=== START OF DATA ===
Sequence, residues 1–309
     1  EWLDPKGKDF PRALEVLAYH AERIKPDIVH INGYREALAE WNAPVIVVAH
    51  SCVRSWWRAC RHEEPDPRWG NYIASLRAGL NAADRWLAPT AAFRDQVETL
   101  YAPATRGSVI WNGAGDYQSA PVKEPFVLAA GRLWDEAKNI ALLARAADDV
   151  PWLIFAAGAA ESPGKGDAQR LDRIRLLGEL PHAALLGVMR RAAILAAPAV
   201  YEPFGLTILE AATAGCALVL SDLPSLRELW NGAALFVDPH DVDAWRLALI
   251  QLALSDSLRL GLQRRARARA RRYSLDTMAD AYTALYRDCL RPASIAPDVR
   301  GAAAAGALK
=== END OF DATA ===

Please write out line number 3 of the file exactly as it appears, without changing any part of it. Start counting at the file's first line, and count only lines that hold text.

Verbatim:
    51  SCVRSWWRAC RHEEPDPRWG NYIASLRAGL NAADRWLAPT AAFRDQVETL